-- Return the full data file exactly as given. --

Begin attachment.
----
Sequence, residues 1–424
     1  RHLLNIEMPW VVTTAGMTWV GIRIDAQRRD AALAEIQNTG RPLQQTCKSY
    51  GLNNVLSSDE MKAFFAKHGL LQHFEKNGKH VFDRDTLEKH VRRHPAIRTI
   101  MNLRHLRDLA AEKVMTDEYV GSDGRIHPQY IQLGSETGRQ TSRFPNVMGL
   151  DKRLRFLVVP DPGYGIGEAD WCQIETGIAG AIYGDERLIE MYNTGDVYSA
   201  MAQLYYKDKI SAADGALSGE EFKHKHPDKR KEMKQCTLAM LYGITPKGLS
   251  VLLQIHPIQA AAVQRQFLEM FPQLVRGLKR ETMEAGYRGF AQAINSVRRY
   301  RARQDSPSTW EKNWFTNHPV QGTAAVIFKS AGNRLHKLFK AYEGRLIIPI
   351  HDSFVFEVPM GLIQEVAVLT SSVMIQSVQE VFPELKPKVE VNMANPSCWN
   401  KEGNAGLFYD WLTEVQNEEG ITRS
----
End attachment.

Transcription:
Sequence, residues 1–424
     1  RHLLNIEMPW VVTTAGMTWV GIRIDAQRRD AALAEIQNTG RPLQQTCKSY
    51  GLNNVLSSDE MKAFFAKHGL LQHFEKNGKH VFDRDTLEKH VRRHPAIRTI
   101  MNLRHLRDLA AEKVMTDEYV GSDGRIHPQY IQLGSETGRQ TSRFPNVMGL
   151  DKRLRFLVVP DPGYGIGEAD WCQIETGIAG AIYGDERLIE MYNTGDVYSA
   201  MAQLYYKDKI SAADGALSGE EFKHKHPDKR KEMKQCTLAM LYGITPKGLS
   251  VLLQIHPIQA AAVQRQFLEM FPQLVRGLKR ETMEAGYRGF AQAINSVRRY
   301  RARQDSPSTW EKNWFTNHPV QGTAAVIFKS AGNRLHKLFK AYEGRLIIPI
   351  HDSFVFEVPM GLIQEVAVLT SSVMIQSVQE VFPELKPKVE VNMANPSCWN
   401  KEGNAGLFYD WLTEVQNEEG ITRS